• Indicator updates can no longer be made via the project editor. 
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Unboxing Marcomms

by Linda Leunissen

Over the last week and a half the Akvo Marketing and Communications (Marcomms) team has onboarded two new team members. Admittedly, that doesn’t sound like a big deal, but in reality it means our existing team of two doubled in size. It’s a 100% increase.

Alvaro has been part of our team for three years. I myself have been with Akvo for more than five years. We both got introduced to fully function teams, who took us on board and showed us the ropes. The way Akvo does Marcomms is different than any other organisation either of us worked for, and learning from our co-workers in a well functioning team was invaluable in changing the way we approached things.

Today we find ourselves in a very different situation. Two weeks ago our team consisted of Alvaro and me but now we’ve added two new people to this micro team. We thought long and hard about how to go about the onboarding process. Of course we’re excited to have our new colleagues Georgia and Laura on board, but it does pose some questions: How do we keep the spirit in which we’ve worked the last five years going, but also leave room for this new team to create it’s own patterns? And how do we make sure we keep using our method of discoverable communications, while also creating an identity, style and way of working as a new team that we all feel ownership of? It’s important our new colleagues feel like they are part of shaping the way we work, but it’s also important to have continuity.
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Impressions of Stockholm World Water Week 2017 (Akvo’s eleventh)

by Alvaro de Salvo

Stockholm World Water Week

Above: The Akvo stand in full swing. Photo by Alvaro de Salvo

Last week, a handful of us attended one of the biggest congregations worldwide dealing with water related issues. Organised by SIWI, Stockholm World Water Week (#WWWeek) took place in Sweden’s capital between Sunday 27 August and Friday 1 September. It was Akvo’s eleventh time at this event and my second

Akvo was conceived at SWWW in 2006, and we’ve been back every year since, often with the intention to disrupt the sector into becoming more data driven. At Akvo, we believe that the sector needs to embrace digitalisation and become more open, effective, and efficient.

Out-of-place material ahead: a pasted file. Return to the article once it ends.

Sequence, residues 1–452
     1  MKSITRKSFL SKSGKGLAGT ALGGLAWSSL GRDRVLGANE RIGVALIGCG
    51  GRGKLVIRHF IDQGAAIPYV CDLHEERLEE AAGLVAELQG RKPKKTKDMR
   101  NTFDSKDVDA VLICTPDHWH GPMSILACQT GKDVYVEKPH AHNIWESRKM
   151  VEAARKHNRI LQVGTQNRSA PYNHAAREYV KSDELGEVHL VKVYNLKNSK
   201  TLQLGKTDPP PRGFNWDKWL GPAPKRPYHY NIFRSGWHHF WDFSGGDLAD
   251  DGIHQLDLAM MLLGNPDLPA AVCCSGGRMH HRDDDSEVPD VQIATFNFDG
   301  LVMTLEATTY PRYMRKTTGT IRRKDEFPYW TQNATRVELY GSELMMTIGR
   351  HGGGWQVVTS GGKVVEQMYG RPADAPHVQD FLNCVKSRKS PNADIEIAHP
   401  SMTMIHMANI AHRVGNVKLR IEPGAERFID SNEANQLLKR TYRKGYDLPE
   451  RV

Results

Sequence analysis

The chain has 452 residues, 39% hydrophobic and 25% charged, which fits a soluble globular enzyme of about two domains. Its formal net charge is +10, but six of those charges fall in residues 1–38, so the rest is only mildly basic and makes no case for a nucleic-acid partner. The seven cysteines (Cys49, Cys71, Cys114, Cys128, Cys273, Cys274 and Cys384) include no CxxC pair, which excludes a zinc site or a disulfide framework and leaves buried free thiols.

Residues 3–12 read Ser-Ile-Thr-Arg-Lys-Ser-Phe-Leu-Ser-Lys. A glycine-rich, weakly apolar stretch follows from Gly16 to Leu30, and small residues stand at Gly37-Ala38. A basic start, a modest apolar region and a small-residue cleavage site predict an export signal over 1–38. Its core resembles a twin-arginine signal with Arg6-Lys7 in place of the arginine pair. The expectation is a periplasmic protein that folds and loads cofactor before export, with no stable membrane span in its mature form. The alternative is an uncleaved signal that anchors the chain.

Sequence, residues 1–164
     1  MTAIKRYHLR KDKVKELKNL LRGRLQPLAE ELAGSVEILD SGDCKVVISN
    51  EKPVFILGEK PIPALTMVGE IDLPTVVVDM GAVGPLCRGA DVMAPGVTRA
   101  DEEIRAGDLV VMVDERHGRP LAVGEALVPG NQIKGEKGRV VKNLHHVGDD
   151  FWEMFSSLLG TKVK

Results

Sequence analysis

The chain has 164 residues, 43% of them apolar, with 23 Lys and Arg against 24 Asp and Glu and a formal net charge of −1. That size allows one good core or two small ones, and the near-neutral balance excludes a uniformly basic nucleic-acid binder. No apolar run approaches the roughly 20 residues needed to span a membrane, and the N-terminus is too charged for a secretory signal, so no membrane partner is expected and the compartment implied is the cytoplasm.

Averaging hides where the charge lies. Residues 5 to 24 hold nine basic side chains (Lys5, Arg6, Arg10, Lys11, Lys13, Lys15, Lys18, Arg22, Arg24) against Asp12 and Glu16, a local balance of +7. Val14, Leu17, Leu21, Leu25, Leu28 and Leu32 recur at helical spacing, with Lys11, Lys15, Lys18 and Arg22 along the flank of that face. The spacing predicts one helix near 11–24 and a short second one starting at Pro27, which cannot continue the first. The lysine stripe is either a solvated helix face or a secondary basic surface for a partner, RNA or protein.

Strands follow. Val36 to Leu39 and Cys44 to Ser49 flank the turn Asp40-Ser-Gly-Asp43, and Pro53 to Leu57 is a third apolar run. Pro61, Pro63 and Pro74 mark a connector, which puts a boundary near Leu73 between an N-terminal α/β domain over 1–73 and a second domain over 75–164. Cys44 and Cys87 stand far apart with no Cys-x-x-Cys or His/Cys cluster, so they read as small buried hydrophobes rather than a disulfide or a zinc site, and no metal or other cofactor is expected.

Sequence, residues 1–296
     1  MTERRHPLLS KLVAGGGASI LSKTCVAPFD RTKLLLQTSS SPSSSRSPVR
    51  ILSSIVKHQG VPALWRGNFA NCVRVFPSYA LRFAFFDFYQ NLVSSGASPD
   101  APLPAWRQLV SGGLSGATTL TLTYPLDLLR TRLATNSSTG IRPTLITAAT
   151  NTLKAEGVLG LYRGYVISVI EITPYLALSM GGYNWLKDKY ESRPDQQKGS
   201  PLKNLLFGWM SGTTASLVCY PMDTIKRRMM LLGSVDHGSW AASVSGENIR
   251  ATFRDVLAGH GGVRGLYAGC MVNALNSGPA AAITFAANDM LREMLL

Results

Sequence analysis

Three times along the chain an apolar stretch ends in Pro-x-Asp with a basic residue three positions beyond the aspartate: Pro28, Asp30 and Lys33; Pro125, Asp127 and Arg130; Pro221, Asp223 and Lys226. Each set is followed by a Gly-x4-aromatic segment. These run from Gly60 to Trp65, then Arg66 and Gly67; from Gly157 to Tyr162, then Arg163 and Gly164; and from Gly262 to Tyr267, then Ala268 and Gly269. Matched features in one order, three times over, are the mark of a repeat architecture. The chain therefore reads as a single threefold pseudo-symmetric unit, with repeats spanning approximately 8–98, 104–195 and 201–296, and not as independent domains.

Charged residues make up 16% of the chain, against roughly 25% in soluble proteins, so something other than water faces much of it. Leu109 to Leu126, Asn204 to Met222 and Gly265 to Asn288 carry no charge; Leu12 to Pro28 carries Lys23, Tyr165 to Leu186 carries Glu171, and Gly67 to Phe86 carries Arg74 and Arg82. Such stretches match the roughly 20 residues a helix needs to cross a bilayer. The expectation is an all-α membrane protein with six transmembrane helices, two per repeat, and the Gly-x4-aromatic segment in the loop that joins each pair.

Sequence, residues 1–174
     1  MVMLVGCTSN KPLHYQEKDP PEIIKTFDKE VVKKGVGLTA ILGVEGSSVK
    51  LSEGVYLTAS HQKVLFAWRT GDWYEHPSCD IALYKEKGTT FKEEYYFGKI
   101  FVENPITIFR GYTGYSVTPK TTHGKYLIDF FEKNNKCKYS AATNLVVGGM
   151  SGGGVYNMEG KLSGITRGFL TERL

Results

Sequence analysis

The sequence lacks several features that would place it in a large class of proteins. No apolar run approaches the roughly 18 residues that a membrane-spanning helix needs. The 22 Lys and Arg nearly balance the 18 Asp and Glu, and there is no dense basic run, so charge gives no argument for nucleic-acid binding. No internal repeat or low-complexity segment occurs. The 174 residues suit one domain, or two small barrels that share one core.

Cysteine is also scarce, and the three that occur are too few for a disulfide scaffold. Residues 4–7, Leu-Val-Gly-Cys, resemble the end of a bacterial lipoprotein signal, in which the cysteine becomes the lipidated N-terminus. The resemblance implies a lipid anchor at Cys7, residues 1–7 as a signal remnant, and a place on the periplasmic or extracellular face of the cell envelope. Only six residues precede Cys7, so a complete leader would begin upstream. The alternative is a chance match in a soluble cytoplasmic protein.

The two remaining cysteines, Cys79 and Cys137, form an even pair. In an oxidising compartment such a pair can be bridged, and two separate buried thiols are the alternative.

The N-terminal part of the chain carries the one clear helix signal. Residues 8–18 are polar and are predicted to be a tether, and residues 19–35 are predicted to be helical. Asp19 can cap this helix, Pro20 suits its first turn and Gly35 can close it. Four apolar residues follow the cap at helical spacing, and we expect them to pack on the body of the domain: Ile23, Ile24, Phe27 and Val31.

As you’re probably aware, #WWWeek is the annual meeting point of many of the world’s water sector entities and experts: government bodies, NGOs, funders and investors, private utilities, corporations, consultants, scientists, engineers and observers. We’ve been actively bridging the water sector with technology, and done the best we can to continuously poke it. This year hasn’t been any different. Read More »

The Team, The Team, The Team

by Henry Jewell

After five incredible years, the time has come for me to leave Akvo. It has been a privilege to work with all the people that I have interacted with through this journey, all of whom are passionate about being a positive force for change in the world.

It is nearly fall in Ann Arbor, Michigan (the town I call home), and that means one thing, and one thing only –  it is football season. One speech, above all others, is synonymous with the University of Michigan football team, Bo Schembechler’s 1983 “The Team, The Team, The Team” address. An excerpt of this speech that I find very emotive is:

“The Team, The Team, The Team, and if we think that way, all of us, everything that you do, you take into consideration what effect does it have on my Team?”
How do we define the team we work on? Is it our immediate colleagues that sit next to us? Our colleagues from different locations? Our partners?  Or even the community in which we operate? No single organization can solve the large social challenges that the international development sector is facing; collectively we can achieve a lot more. Within the sector we are good at talking about collaboration but in practice this normally occurs at a superficial level, which does not allow for a fundamental change in the way we work together.
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Fake news and my summer internship

by Edgar Aguilar

Above: At the Open Gov Hub in Washington, D.C. Photo by Ethel Méndez Castillo.

This year has been really eye opening to me and I am sure the same holds true for many others. I started to realize that “fake news” and “alternative truths” are pervasive, particularly on the Internet, and this has made me more skeptical of what I see on my Facebook feed. But how do we find more truth in the information we consume? My unexpected summer internship just helped me to start answering that question to myself: we collect good data that we then understand and share openly.

My plans for the summer were not necessarily to work at an international organization that “creates open source, internet and mobile software and sensors” in order to make “international development and country governance more effective, transparent and collaborative.” I’d had no plans to come to Washington, D.C. and I had never heard of Akvo Foundation or the Open Gov Hub. I just knew about all the poor decisions and ineffective results achieved by governments and organizations around the world caused by the lack of access to good and real information. Honestly, I had never really thought about ways in which people could be working to improve the data used in decision-making and measuring results. However, one week changed all of this, and I had to move to DC for a summer internship at Akvo Foundation USA. It was through this internship that I found out that some people are working to integrate technology into the monitoring of development processes.